David R. Godine, 2005 - 167 pagine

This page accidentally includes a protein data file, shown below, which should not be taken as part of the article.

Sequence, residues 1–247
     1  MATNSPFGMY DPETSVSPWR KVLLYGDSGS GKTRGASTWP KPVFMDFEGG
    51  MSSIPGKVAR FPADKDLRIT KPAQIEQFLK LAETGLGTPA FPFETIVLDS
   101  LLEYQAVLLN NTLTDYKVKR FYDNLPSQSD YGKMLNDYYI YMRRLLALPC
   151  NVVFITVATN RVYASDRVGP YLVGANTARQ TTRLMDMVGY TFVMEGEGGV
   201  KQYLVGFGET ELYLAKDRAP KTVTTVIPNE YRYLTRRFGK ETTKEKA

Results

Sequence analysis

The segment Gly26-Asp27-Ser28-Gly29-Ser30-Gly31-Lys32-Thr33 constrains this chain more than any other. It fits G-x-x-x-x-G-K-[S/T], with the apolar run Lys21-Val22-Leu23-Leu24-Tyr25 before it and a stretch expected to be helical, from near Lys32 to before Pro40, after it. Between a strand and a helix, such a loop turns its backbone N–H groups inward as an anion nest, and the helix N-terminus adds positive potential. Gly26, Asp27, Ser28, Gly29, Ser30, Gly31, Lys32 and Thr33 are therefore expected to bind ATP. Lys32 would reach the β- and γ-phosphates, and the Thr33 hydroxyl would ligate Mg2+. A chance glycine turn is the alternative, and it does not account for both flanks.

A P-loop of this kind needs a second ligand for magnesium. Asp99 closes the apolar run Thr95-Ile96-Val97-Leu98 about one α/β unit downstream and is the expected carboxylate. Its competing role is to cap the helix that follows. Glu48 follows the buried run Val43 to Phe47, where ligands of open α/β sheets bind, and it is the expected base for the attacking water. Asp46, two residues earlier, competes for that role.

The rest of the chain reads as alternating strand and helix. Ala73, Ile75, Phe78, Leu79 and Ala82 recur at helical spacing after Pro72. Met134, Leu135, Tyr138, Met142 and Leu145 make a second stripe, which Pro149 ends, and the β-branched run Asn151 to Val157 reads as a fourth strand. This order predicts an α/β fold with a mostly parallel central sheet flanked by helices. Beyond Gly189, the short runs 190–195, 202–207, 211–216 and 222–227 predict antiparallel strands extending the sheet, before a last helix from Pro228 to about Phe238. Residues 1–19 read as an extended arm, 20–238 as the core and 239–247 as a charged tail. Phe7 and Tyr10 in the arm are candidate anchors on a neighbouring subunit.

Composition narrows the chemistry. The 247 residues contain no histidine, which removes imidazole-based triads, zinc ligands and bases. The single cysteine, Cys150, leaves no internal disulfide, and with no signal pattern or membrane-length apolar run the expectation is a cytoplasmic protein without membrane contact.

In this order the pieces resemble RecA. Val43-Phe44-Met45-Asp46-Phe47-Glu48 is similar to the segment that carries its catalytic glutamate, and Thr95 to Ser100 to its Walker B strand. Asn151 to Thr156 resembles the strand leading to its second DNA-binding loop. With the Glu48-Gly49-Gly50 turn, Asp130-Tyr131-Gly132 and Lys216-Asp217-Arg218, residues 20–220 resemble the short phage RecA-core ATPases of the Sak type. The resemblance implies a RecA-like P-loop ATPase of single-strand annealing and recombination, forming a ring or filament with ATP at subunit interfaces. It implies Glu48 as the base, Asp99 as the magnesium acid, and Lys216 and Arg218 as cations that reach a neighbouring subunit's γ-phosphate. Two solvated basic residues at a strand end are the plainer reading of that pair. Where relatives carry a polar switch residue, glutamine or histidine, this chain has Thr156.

In this strange, elegant novel, Modiano portrays a man in pursuit of the identity he lost in the murky days of the Paris Occupation, the black hole of French memory. On one level a detective thriller, Missing Person is also a haunting meditation on the nature of the self. For ten years Guy Roland has lived without a past. Even his name was given to him by his benefactor, C. M. Hutte, who had welcomed this lost soul - originally his client - into employment at his detective agency. Now in retirement in Nice, Hutte has left Guy his office full of directories, yearbooks, and files of all kinds going back fifty years - pages that list people, things, vanished worlds, to which they alone bear witness. Guy is on his own, and his leads are few. All that remains of the person he had once been is a dim shape in the minds of two acquaintances, both society bartenders. Could he really be that figure in a photograph, standing beside an ash-blonde woman that one of the bartenders says had green eyes? Or is he perhaps the French aristocrat whose entry disappeared from the social register years before? He has sifted through strangers' recollections for traces of himself and of his supposed sweetheart, a Russian ballerina from Megeve - a couple who left nothing but a blur behind them. Missing Person is an extraordinary evocation of Paris in the 1930s and 1940s - the curious, muffled network of loose contacts, smoky cafes, illegal passports, and insubstantial figures crossing bridges in the fog. Patrick Modiano's spare, hypnotic prose, superbly translated by Daniel Weissbort, draws his readers into the intoxication of a rare literary experience.